Getting the Last Word

By Terence F. Shea Jan 1, 2010
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January CoverBeth N. Carvin advises clients on the employment process—from hiring and mentoring to finding out why employees leave. She is president and chief executive officer of Honolulu-based Nobscot Corp., developer of automated exit interview, recruiting and employee survey systems. Carvin says parting words, whether elicited through automated means or otherwise, “uncover strengths, weaknesses, opportunities and threats,” and perhaps minimize turnover.

Can exit interviews reveal anything beyond the reasons people give for leaving?

When they’re done well, they’re useful HR tools for:

  • Discovering sexual harassment, workplace violence, discrimination and other issues while they are still solvable—before anyone sues.

  • Generating ideas for improving procedures.

  • Identifying managers and colleagues who deserve recognition, learning what programs are highly valued, and determining if positions need to be re-graded.

  • Measuring diversity. Analyzing interview data by gender, race and age can help determine if any minority or protected class is having unfavorable workplace experiences.

Can’t those findings be drawn from surveys? 

You should be seeking ways to get feedback with current employees. In exit interviews, you can get more honest and focused data that can be acted upon—or not—in your own time frame. Employee surveys are great, but people are more cautious in how much they will reveal, and they can only hypothesize on what would cause them to leave.

When should an exit interview be conducted—on the employee’s last day? Or later?

Around the last day worked. There is lingering talk about the oldfad of doing “post-exit interviews” several months after the termination date. The idea is that after time has passed, the former employee can look at the employment experience more objectively and provide good, solid, less-emotional feedback.

But post-exit interviews have been a bust. Participation rates are low. It’s hard to reach people three to six months later, and former employees don’t care enough to participate. Whatever drove them to leave is water under the bridge.

You want to hear from employees while they are emotional—and will tell you things that need to be fixed.

Who should see and analyze exit interviews? HR? Outside experts?

Generally, HR professionals. They are trained in confidentiality and are experienced with hearing employees’ side of the story without getting upset or jumping to conclusions. Interpreting exit interviews is an art and a science. It requires a good understanding of people and human behavior, and solid experience with workplace dynamics. It takes an analytical mind to identify trends and follow the logical path to where the data take them. I don’t recommend having other kinds of professionals review individual interviews.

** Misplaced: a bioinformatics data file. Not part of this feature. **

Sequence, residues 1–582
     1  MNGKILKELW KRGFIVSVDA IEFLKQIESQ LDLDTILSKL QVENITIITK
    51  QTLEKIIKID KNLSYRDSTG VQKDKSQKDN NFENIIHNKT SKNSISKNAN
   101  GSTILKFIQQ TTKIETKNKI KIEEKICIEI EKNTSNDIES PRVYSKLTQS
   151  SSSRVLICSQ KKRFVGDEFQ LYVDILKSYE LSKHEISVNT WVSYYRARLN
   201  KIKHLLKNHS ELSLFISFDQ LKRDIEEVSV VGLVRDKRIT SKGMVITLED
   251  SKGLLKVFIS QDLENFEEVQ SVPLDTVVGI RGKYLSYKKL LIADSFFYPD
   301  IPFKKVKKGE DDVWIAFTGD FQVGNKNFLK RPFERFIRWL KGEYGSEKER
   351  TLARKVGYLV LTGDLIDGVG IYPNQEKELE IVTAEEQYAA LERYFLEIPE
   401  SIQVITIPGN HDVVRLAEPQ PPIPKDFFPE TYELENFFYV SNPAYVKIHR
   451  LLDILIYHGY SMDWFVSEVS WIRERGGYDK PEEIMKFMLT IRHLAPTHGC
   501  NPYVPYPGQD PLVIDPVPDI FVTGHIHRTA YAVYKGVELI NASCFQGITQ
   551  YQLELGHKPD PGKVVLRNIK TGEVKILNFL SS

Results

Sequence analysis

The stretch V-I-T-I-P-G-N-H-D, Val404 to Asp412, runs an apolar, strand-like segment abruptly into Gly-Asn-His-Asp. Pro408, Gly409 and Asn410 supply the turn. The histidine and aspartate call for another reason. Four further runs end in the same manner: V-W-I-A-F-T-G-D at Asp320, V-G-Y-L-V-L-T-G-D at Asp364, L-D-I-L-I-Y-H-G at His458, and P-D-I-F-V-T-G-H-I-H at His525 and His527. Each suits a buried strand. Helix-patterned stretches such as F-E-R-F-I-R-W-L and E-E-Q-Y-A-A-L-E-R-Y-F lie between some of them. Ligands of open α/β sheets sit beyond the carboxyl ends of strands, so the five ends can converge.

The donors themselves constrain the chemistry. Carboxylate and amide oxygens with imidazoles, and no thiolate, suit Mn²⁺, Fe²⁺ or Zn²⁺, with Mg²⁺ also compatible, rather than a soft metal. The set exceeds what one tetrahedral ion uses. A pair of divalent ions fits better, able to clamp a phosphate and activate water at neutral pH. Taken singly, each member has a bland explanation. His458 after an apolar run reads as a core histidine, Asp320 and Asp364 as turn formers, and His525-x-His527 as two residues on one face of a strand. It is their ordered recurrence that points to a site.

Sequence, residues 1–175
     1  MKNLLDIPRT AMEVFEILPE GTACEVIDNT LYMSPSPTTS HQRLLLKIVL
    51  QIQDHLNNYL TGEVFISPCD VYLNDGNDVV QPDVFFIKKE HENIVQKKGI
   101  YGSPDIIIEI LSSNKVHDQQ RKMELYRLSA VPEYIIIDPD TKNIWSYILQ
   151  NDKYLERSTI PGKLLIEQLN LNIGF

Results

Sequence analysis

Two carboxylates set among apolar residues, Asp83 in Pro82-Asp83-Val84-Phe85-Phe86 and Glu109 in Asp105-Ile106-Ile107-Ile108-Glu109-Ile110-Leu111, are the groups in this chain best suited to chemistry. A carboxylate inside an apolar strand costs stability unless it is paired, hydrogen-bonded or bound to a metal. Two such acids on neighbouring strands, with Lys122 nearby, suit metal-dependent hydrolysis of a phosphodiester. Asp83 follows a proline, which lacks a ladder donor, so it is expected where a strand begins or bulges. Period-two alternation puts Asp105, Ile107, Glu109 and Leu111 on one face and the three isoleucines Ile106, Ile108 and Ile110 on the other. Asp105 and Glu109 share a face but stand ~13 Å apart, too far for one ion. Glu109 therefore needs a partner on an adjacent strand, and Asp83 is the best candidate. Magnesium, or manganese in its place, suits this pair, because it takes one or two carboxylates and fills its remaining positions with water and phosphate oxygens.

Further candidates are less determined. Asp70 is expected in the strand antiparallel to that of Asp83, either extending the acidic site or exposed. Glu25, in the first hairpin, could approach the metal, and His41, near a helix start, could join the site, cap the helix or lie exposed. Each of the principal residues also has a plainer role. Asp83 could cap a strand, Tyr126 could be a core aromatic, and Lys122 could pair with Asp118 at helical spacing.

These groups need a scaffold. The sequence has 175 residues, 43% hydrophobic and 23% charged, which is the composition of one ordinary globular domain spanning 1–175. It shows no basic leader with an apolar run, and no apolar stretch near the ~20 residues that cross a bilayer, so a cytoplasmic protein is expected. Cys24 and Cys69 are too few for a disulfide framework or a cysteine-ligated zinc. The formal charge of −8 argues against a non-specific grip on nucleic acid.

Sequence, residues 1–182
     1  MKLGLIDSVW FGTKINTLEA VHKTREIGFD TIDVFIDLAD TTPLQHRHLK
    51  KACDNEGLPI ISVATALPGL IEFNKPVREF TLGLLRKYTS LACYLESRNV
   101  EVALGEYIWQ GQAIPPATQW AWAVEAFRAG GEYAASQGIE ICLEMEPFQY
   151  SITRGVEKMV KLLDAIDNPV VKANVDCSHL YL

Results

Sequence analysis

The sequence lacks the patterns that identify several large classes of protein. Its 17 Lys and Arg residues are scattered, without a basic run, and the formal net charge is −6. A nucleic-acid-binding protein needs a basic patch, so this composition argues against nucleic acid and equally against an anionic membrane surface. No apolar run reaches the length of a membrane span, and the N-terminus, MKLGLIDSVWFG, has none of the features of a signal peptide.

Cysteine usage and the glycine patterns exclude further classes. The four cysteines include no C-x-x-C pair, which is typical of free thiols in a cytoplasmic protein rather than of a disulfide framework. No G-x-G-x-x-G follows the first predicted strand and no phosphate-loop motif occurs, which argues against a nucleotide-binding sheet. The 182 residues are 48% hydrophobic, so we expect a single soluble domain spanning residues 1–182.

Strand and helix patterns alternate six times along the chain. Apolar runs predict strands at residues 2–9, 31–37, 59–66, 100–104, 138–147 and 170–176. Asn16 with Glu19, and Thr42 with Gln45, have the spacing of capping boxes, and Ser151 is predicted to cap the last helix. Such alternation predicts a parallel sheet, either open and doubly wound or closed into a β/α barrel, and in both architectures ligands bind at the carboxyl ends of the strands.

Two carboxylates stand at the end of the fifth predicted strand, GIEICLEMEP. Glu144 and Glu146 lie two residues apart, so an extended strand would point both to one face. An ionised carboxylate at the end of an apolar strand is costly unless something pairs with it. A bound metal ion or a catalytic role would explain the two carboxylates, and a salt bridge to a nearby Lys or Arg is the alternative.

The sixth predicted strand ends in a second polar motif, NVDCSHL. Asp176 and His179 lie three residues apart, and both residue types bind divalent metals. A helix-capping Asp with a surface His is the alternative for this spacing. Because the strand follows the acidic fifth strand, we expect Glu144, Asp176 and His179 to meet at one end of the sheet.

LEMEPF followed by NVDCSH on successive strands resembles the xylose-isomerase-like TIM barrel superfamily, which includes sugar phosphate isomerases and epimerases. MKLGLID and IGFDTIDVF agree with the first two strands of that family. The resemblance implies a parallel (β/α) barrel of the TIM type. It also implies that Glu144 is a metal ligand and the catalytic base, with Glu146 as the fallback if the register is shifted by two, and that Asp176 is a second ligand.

Is it worthwhile to evaluate groups of exit interviews and look for patterns in employee comments

Absolutely. Within each organization, different irritations impact different groups of employees. If you look at your data only from an overall company standpoint, it’s easy to mistakenly think that what’s affecting one group is affecting everyone. This can lead to unnecessary costly changes or, worse, introduction of irritations that didn’t previously exist.

You can get interesting and actionable information when you look at data by departments, divisions and job functions and by demographics such as length of service and performance ratings. As you can imagine, irritations affecting new employees are different from irritations affecting your long-service employees.

Some companies break data down into toosmall levels, producing data from only one or two interviews per cost center. At that level, the information is really just anecdotal.

How can employees be motivated to tell the whole truth in exit interviews?

Create a corporate culture around listening to employee suggestions, acting on ideas, being nonjudgmental, welcoming critiques, and solving problems identified by employees and former employees.

Interestingly, in a face-to-face setting, the departing employee may not be forthcoming. This is really hard for those of us in HR to grasp. We want to believe in the personal touch. Truth is, for most employees, it’s really hard to say “my boss is a jerk” or even to share a really good suggestion for improving a process.

While a small percentage of gregarious employees may do great in in-person exit interviews, for most people—and definitely for introverted people—it’s really difficult. So they stick with the “everything was fine, I got a better opportunity” line.

Telephone exit interviews add distance and can increase honesty. Unfortunately, because of caller ID, it can be hard to reach people by telephone.

Technology—as simple as an e-mail form or as robust as an exit interview management system—is the ultimate distance creator. For whatever reasons, when you put someone in front of a computer, they begin to tell all.

Moreover, anonymity is not critical in getting honest responses. Only about 35 percent of employees—when given the choice—choose to be anonymous. This tells us that employees want to provide their organizations with feedback, and they want credit for providing that information.

The interviewer is associate editor of HR Magazine.

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